• What is a "course coordinator", and why would they need lecture notes?
    – JeffE
    Apr 1, 2017 at 15:45

3 Answers 3


I think Mack put you in a very difficult situation. You should not have agreed to his terms, and should ask to change them now.

There is no problem sharing your notes with Mack, though he should probably be getting notes from several students.

You should either have agreed not to share your notes with others, or agreed to keep confidential the fact that they will be used in setting the test, but not both. If you were freely sharing your notes, nobody would pay any special attention to them. If you could say "Mack asked me not to share them so that he can use them in setting his test" people would understand the non-sharing.

There are other ways Mack could have constructed his test. For example, he could have asked each lecturer for a question or two with marking criteria.

  • You're right. One condition or the other makes sense, but there shouldn't be reason for both of them. I'll talk to him about it.
    – Shokhet
    Mar 31, 2017 at 1:54
  • The only issue I could think of is that he might consider creating questions word-for-word from what's written in my notes...which isn't even a very good idea. I don't write so prosaically when I'm trying to keep up with a lecturer. Barring that, there shouldn't be an issue with sharing notes so long as no one knows that Mack is borrowing them as well.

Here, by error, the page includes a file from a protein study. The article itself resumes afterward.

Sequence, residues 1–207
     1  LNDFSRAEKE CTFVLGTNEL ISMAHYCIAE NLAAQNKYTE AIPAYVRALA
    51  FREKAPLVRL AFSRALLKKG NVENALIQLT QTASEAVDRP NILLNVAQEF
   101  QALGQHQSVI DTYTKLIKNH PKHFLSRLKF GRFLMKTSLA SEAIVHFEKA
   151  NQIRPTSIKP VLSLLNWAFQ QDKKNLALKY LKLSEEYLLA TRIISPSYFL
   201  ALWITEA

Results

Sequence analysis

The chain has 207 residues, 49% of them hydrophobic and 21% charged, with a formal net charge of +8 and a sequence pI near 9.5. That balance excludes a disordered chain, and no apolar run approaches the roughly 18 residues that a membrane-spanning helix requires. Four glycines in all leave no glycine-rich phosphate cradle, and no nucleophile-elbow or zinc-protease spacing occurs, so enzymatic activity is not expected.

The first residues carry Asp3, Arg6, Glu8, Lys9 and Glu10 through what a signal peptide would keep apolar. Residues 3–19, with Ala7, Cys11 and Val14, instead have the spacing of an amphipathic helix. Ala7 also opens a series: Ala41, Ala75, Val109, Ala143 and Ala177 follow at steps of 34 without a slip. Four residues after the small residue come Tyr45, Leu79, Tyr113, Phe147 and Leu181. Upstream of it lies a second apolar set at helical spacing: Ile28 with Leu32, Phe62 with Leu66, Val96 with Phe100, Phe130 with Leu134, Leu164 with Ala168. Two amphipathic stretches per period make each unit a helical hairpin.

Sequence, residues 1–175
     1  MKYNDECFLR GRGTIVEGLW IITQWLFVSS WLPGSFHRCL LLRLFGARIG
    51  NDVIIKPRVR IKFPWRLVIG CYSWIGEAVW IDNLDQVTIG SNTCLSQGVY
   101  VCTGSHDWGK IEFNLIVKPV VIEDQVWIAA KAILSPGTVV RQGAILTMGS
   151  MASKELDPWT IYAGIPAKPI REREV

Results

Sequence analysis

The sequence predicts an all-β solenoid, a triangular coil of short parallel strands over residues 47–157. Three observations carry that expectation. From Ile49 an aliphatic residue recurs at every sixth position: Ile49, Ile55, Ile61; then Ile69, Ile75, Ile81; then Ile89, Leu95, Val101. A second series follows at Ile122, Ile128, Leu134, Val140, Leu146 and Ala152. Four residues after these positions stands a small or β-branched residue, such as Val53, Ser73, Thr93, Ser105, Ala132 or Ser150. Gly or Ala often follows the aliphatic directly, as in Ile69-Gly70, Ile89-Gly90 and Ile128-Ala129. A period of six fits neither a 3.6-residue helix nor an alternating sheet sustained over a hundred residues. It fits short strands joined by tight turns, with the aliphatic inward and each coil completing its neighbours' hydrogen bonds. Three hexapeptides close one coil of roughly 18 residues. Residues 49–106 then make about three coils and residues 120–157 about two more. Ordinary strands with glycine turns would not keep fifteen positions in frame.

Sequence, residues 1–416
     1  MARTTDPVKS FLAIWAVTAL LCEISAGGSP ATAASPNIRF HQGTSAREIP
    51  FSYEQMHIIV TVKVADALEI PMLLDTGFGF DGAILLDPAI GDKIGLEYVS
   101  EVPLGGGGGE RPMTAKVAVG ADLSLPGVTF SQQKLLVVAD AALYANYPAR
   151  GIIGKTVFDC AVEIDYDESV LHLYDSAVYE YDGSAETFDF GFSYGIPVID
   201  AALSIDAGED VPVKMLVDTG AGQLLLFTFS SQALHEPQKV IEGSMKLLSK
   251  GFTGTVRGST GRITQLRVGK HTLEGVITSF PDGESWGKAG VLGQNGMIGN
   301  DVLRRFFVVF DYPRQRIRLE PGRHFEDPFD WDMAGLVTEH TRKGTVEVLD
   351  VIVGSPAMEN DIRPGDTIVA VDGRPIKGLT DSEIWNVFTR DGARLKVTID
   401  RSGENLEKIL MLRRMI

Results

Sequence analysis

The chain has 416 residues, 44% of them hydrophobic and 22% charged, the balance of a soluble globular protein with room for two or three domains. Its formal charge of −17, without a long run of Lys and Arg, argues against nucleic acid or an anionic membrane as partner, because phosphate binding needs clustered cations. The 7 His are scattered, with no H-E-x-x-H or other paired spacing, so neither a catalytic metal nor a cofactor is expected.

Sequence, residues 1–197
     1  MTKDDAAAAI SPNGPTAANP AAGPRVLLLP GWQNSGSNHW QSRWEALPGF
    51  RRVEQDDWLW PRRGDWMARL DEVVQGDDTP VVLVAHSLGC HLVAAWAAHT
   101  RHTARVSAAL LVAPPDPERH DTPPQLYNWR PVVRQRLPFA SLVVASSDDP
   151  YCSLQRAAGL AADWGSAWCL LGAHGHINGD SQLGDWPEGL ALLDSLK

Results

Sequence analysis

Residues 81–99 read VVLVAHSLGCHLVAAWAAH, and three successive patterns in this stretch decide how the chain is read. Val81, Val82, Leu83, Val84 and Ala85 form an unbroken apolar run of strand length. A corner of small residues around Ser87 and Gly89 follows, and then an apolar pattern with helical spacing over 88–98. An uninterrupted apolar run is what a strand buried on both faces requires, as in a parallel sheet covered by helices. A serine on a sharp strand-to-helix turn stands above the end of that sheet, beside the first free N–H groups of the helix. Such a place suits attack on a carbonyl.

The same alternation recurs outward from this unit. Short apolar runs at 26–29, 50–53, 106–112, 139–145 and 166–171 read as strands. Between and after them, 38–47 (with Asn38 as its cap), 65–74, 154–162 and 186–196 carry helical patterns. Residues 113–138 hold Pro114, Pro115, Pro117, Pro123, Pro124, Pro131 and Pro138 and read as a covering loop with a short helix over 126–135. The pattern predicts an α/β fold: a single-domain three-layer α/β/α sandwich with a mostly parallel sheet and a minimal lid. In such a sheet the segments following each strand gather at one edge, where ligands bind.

– Shokhet
    Mar 31, 2017 at 1:58

Based on your agreement with Mack, you can't share your notes, and you can't tell people why you can't share your notes. But you can say: "I can't share my notes because I agreed not to. I'm sorry." It's certainly strange, but saying you agreed not to talk about it gives a definitive reason you can't share the notes.


Just say, "sorry but I'm not comfortable with that." If they pressure you, or ask for reasons, focus on how rude it is for them to do that. Be polite and gentle, but if it comes to it there is no harm in saying "what is wrong with you, I said no. Grow up and leave me alone." As for getting along with your classmates, it wont seriously damage any relationships with anyone that truly matters. Decent people will not care, because decent people do not pressure others into things they do not wish to do.

  • 12
    This answer is rather socially tone-deaf. Telling others to "Grow up and leave me alone" is a good way to get a reputation as a prickly, rude person. (Yes, returning rudeness with rudeness is still rudeness.) As is cavalierly dismissing others as people that don't "truly matter".
    – R.M.
    Mar 30, 2017 at 14:41
  • @R.M. I don't think this is a fair summary of what the answer suggested. Mar 30, 2017 at 15:03
  • @lighthousekeeper My comment wasn't intended as a summary (instead it was voicing a disagreement behind the philosophy of what I saw as a few key points), though if I've misinterpreted the answer, I encourage James to edit the answer to expand and clarify.
    – R.M.
    Mar 30, 2017 at 15:27
  • Just say, "sorry but I'm not comfortable with that."To whom? If you're suggesting saying that to Mack, then I agree. If you're suggesting saying that to other people in the class, then I don't.
    – JeffE
    Apr 1, 2017 at 15:47